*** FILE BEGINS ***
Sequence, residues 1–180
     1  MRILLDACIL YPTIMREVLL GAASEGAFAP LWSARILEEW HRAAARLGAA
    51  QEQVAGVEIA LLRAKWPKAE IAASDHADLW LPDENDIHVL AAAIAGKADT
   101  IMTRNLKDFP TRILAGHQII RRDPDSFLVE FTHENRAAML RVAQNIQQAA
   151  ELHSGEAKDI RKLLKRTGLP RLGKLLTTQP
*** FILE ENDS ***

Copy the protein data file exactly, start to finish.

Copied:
Sequence, residues 1–180
     1  MRILLDACIL YPTIMREVLL GAASEGAFAP LWSARILEEW HRAAARLGAA
    51  QEQVAGVEIA LLRAKWPKAE IAASDHADLW LPDENDIHVL AAAIAGKADT
   101  IMTRNLKDFP TRILAGHQII RRDPDSFLVE FTHENRAAML RVAQNIQQAA
   151  ELHSGEAKDI RKLLKRTGLP RLGKLLTTQP